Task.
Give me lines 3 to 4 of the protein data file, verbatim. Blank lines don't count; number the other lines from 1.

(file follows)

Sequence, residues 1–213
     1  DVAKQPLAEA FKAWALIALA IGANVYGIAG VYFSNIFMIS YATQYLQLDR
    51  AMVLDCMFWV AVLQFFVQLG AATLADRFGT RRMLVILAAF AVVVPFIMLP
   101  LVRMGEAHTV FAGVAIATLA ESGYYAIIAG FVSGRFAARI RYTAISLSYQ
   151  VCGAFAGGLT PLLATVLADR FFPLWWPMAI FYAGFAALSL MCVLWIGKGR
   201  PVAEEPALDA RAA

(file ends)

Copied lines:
    51  AMVLDCMFWV AVLQFFVQLG AATLADRFGT RRMLVILAAF AVVVPFIMLP
   101  LVRMGEAHTV FAGVAIATLA ESGYYAIIAG FVSGRFAARI RYTAISLSYQ